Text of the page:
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Pensions are a scam

"Look, I'll pay you less today and for the rest of your life in exchange for 30 years from now giving you a decent retirement pension. Except I have no idea if our company will be solvent in five years, let alone thirty, and even then I can not pay into the retirement fund and just declare bankruptcy when it comes time to start paying out." This is why we have Social Security. As coal industry declines, what will happen to all those retired miners?
But there’s another aspect to the decline of coal that’s getting less attention — namely, what will happen to the hundreds of thousands of currently retired coal miners who still rely on these companies for pensions and health benefits? Many of these retirees, after all, have crippling ailments after years of working in the mines. And many of the union benefits they’ve amassed over the decades are now at risk of vanishing. There are a few big issues here: First, the United Mineworkers of America’s pension plan, which was established in 1974 and covers more than 100,000 retired miners, is seriously underfunded. That’s partly because of losses from the recent financial crisis and partly because contributions are dwindling — as time passes, there are fewer and fewer mining companies left to chip in to the multi-employer plan. Second, a controversial bankruptcy case is putting thousands of retirees’ health benefits at risk. Back in 2007 and 2008, two of the largest U.S. mining companies, Peabody Energy and Arch Coal, spun off the majority of their unionized mines and retirees into a brand-new company, Patriot Coal. A few years later, Patriot fell victim to plummeting coal prices and declared bankruptcy. Some 12,000 retired miners and their dependents now face the loss of some or all of their health benefits.

March 06, 2013

Grand Rapids cuts teachers' pay to poverty levels

Grand Rapids teachers say paycheck cuts qualify them for food stamps | MLive.com
GRAND RAPIDS, MI – Tina Ratliff never expected her teaching career would qualify her for public assistance. The second-grade teacher at Grand Rapids Public Schools’ Burton Elementary was among nearly 150 teachers summoned by their union’s crisis team to pressure school officials Monday, March 4 to settle a pending contract and do something about applying a state law limiting what school districts and other public employers pay for employee health insurance premiums. Since Feb. 15 when the district began deducting back health insurance premiums over what it’s allowed to pay under the state’s Publicly Funded Health Insurance Contribution Act of 2011, Ratliff said morale among teachers has suffered dramatically and a sort of depression has set in. Some are losing $300 per pay check. “I am a five-year teacher who brings home $555.39 for two weeks and who currently qualifies for a Bridge Card,” Ratliff told the school board Monday to loud applause from her colleagues. “How is this possible?" Some two dozen teachers told similar stories during nearly an hour of often emotional testimonials. Some told of renting rooms in order to keep their homes while others said they simply can no longer pay their bills. “You can see it in people’s eyes and in the way they hold themselves,” Ratliff said after Monday’s meeting. “We don’t know what to do.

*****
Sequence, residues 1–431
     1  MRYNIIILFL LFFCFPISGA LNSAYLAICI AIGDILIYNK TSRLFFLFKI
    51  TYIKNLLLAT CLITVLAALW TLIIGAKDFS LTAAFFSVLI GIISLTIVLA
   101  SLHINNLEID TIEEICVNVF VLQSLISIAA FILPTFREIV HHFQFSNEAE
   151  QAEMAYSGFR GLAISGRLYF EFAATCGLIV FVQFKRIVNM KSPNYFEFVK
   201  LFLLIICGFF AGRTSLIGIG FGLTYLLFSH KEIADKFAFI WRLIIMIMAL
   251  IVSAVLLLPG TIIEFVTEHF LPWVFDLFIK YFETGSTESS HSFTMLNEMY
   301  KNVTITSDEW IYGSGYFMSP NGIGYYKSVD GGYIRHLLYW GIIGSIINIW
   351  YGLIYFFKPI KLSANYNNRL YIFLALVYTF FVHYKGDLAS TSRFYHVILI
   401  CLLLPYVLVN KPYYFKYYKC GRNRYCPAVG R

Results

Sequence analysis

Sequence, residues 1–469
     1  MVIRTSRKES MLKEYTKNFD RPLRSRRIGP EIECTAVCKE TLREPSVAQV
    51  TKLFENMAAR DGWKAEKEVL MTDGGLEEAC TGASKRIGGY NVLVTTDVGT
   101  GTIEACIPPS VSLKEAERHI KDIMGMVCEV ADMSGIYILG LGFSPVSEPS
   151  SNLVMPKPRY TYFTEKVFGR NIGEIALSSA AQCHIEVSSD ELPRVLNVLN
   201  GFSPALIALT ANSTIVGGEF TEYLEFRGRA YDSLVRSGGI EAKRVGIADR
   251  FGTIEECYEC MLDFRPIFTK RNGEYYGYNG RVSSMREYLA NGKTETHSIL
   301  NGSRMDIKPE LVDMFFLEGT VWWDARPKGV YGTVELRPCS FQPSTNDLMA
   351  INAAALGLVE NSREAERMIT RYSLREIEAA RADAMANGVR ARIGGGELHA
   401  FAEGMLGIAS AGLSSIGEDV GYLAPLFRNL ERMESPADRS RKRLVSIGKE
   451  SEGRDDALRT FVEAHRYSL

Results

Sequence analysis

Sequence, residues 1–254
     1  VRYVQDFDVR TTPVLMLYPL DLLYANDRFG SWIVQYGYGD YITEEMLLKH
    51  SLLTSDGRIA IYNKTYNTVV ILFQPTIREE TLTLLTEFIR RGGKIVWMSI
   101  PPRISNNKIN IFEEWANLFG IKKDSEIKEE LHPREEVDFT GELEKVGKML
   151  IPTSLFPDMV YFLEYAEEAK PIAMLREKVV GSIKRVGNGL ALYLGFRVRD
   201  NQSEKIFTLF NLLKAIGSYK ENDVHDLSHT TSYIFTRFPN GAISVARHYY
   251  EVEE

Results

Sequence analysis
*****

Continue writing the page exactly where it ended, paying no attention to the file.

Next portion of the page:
March 04, 2013

Corporate Profits Have Risen Almost 20 Times Faster Than Workers' Incomes

Corporate Profits Have Risen Almost 20 Times Faster Than Workers' Incomes Since 2008 | ThinkProgress
Corporate profits hit record highs in the second half of 2012, but that prosperity hasn’t led to the creation of jobs, since America’s biggest firms are sitting on stocks of cash instead of investing them back into the economy. At the same time, wages hit record lows, and corporate earnings are rising nearly 20 times faster than disposable incomes, the New York Times reports: As a percentage of national income, corporate profits stood at 14.2 percent in the third quarter of 2012, the largest share at any time since 1950, while the portion of income that went to employees was 61.7 percent, near its lowest point since 1966. In recent years, the shift has accelerated during the slow recovery that followed the financial crisis and ensuing recession of 2008 and 2009, said Dean Maki, chief United States economist at Barclays. Corporate earnings have risen at an annualized rate of 20.1 percent since the end of 2008, he said, but disposable income inched ahead by 1.4 percent annually over the same period, after adjusting for inflation.